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21.3.4 Repair proving/testing

This chapter is addicted to the proof of the operation behaviour respectively the capability of a repaired part during a testing. This is also applied for repair processes (chapter 21.3.2 and chapter 21.3.3).

The test of a repair, respectively of the repaired part, must be sufficient near-service conditionstos (Ill. 21.3.4-2). The effort in costs and time must kept as low as possible. For this a step by step approach has proved (Ill. 21.3.2-2 and Ill. 23.3.4-1). Requirement is, that the failure mechanism, together with the causative influences, is sufficient cleared. For this a systematic problem analysis lends itself (volume 4, Ill. 17.1-11). Those findings should enable the definition of a simplified test of samples, based on calculations or a special rig/setup (Ill. 21.3.4-5 and Ill. 21.3.4-7). Crucial is, that its relevance is shown with a sufficient reproduction (volume 1, chapter 4.4).

Usually damages which must be repaired, develop in a complex coaction most different operation influences (Ill. 21.3.4-2). These loads mostly detract a solely „treatment with the computer“. Surely the exclusive analytical theoretical method would be the fastest way and the most cost effective proof. Therefore from experience the danger increases, that such „proofs” are carried out without expensive reproductions. The case specific incapability of this approach is connected with a high safety risk. However in the predominant number of cases, only a test in an aeroengine can give in the end sufficient certainty about the repair success. Also here the maxime „the engine will tell us“ is true.

Those proofs usually demand more than merely a relatively short run at a test bed, even if this run should last 150 operation hours (volume 3, Ill. 11.2.1.3-10). From experience, those time periody are not sufficient near-service to simulate long time deteriorations/damages like oxidation, aging of coatings, erosion and wear. Also for the simulation of influences like landing shocks or gyroscopical forces, test rigs are hardly suitable.

In such cases a proving at the operator offers itself with „fleetleaders”. Perhaps this may be the most expensive way. This with periodic controls respectively inspections monitored aeroengines, must be subject to operation relevant loads. That applies for influences like the mission profile and/or inevitable anomalies. To these belong high amounts of dust or a corrosive atmosphere.

Illustration 21.3.4-1 (Lit. 21.3.4-1 and Lit. 21.3.4-2): Development of processes is discussed in chapter 21.3.2. Here the proof of the capability from the repaired part stands in the foreground.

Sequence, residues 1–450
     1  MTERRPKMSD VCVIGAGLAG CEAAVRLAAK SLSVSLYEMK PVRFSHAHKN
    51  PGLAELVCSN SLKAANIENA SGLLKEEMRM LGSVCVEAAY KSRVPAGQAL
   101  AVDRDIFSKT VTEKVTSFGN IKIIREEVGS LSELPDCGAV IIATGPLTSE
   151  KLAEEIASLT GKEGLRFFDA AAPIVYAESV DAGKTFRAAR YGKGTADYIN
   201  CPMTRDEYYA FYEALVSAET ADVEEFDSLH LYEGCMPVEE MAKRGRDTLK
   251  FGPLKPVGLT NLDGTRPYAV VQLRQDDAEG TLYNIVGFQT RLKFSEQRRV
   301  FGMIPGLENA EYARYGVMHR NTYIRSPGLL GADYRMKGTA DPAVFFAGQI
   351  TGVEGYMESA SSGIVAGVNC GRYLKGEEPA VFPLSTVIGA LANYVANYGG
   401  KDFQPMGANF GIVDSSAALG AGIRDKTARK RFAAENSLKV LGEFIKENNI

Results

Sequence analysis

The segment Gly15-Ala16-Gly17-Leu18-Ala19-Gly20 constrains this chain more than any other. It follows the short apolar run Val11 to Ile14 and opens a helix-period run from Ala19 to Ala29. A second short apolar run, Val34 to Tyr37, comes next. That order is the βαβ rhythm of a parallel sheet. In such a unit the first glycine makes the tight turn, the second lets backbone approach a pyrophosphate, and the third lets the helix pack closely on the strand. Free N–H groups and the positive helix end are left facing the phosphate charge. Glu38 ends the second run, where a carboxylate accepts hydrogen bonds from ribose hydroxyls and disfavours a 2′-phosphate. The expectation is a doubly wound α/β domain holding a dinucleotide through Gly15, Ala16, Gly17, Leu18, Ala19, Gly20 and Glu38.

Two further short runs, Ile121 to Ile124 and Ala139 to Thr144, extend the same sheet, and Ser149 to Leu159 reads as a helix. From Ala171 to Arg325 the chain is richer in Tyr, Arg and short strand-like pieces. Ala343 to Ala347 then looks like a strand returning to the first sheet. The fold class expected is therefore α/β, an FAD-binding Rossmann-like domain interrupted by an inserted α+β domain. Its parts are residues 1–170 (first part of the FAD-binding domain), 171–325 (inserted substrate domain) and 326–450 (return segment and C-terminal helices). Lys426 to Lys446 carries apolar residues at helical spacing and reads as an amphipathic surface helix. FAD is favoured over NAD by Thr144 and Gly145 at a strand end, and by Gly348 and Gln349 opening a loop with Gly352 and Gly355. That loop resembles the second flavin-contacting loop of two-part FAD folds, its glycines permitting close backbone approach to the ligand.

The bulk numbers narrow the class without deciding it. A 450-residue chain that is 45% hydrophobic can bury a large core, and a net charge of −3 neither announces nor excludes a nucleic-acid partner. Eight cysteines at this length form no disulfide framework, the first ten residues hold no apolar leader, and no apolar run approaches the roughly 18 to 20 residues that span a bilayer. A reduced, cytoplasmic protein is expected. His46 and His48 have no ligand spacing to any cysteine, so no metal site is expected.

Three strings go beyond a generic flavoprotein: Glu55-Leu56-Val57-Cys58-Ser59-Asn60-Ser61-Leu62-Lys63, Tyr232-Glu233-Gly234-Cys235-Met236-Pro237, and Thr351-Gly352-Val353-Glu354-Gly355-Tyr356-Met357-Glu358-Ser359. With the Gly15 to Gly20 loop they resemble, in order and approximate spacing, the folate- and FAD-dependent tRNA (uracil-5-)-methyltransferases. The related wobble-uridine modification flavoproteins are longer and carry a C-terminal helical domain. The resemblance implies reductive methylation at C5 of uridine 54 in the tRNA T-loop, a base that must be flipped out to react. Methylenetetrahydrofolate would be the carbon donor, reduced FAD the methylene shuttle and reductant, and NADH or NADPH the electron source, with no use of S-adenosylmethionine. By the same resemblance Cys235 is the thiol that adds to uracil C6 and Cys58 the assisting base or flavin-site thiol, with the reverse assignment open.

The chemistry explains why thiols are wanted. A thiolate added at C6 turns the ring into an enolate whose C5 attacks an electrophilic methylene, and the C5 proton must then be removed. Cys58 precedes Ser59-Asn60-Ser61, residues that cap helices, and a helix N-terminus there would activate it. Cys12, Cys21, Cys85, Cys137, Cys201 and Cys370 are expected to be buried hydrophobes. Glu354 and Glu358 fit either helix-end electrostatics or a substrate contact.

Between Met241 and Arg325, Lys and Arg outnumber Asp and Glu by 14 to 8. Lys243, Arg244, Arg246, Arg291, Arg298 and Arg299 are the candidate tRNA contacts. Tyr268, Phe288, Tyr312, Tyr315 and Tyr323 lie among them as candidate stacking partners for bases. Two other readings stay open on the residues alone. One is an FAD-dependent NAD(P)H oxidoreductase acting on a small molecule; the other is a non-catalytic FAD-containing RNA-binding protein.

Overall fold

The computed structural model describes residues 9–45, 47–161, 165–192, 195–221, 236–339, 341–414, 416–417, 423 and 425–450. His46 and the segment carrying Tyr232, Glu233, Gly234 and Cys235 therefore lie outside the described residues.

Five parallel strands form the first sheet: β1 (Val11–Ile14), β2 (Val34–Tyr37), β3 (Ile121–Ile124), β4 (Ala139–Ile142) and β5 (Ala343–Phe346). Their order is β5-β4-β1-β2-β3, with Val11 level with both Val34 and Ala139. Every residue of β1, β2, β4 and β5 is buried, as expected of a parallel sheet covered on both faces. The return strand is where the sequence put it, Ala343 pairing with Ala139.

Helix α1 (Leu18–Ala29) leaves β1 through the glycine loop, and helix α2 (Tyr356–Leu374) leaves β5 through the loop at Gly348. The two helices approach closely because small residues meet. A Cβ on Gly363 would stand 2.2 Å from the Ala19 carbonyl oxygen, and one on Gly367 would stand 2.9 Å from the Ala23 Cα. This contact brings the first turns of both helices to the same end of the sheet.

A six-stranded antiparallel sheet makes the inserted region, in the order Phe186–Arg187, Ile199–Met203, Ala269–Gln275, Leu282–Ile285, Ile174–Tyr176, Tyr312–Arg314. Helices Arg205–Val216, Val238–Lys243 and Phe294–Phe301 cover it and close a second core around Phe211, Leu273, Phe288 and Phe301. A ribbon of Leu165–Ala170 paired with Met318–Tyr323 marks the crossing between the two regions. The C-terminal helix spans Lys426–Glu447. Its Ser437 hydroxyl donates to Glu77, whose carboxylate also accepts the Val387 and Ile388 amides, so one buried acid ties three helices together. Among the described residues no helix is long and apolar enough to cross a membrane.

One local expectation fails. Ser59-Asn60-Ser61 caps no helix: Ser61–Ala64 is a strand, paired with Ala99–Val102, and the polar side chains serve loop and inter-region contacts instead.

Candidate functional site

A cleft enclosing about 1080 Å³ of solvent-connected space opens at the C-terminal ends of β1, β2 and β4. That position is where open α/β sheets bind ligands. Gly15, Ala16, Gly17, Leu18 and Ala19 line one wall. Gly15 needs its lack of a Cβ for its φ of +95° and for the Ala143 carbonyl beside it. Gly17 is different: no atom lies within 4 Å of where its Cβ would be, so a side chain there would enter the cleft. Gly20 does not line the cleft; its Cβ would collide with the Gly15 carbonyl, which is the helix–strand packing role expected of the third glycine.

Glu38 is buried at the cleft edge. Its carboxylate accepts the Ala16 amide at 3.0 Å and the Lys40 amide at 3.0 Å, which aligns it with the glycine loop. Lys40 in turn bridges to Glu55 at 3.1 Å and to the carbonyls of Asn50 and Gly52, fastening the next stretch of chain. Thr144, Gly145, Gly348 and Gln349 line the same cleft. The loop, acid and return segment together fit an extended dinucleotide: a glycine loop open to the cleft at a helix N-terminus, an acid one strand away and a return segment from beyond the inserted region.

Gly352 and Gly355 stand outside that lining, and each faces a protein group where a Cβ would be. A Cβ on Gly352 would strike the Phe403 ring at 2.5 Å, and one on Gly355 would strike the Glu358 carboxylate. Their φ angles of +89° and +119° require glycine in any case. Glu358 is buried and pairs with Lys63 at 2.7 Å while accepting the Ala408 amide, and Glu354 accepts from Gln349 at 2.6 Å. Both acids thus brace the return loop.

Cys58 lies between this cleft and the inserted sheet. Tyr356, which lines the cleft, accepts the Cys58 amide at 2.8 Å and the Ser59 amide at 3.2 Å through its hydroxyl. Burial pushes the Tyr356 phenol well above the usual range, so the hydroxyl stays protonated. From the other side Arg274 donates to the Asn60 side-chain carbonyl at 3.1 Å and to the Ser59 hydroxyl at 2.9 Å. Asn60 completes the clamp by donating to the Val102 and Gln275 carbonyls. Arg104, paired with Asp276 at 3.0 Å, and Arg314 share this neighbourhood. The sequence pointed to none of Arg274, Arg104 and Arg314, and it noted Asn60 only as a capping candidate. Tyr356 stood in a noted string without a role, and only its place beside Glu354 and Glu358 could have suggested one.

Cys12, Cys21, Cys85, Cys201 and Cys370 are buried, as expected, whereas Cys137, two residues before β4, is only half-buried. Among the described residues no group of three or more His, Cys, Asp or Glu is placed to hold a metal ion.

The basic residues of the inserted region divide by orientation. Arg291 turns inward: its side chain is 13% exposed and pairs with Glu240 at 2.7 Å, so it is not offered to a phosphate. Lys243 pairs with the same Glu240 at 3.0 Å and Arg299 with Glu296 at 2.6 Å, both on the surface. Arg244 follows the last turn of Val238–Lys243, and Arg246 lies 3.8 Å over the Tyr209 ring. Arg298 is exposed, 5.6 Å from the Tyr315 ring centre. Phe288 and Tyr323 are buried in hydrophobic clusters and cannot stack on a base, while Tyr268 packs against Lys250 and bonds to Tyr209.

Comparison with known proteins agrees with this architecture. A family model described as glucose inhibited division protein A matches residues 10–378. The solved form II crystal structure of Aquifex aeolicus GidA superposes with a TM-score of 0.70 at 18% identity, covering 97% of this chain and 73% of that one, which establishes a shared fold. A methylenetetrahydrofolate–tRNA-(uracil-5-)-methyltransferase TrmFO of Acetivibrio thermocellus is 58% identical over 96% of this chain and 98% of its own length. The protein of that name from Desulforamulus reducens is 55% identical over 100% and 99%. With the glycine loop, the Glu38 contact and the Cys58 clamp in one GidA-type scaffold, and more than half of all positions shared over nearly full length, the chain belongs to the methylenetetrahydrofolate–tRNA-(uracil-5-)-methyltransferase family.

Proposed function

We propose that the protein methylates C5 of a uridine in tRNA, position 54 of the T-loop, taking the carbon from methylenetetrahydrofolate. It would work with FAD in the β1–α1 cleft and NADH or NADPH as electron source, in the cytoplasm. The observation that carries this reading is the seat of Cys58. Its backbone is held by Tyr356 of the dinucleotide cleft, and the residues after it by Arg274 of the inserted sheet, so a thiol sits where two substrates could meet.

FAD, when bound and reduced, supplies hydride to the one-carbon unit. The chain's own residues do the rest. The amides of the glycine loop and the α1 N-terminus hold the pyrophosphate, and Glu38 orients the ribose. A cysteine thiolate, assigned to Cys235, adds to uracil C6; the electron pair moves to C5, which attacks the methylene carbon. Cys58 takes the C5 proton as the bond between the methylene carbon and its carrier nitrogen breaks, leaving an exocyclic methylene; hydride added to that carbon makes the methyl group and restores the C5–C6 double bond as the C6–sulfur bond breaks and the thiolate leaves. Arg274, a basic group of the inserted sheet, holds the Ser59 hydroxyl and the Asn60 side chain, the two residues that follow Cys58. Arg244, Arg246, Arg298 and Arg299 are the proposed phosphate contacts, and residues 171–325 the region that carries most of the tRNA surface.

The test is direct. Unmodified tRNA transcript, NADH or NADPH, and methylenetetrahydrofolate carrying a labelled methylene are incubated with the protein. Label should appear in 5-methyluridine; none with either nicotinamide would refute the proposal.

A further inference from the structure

Understanding the problem respectively the failure which made the repair necessary. To this belong:

  • Failure mechanism (volume 4, Ill. 17.1-11).
  • Temporal sequence.
  • Risks.
  • Causative influences (volume 1, chapter 3).

Not before this knowledge target-oriented action with a high probability of success is possible. It is also the requirement for the definition and execution of the proofs.

For the understanding, failure analysis, statistics and overhaul manuals can provide important informations. Such eyperiences can be especially expected at the OEM and the operator. Because this deals with product specific knowledge, it is not not aiways available for the development of a repair.
Analytical considerations and calculations gain significance for the understanding of deteriorating operation loads. For such analysis the OEM is predestined. He should sufficient know loads an its timely sequences already before the design. Also the effective and meaningful application of the computer requires the „understanding of the failure“.

A problem relevant component test is the best requirement for the evaluation or demonstration of the success to the approving certifying institutions. These important validations take place most effective with comparing tests.

Requirement is a suitable and feasible (costs, time) component test (volume 1, chapter 4.4). Criterion for the applicability is the microscopic and macroscopic reproduction of the failure which must be repaired. This nust be carried out at a relevant component/part, mostly new under defined, repeatable testconditions. Is this highly demanding task solved, the possibility exists to evaluate the behaviour, especially the lifetime of the repaired parts. The limit of such proofs are the operation loads which are not known or not mentioned and therefore can not be simulated in the test set-up. To these belong high frequency vibrations or overtemperatures (e.g., during start).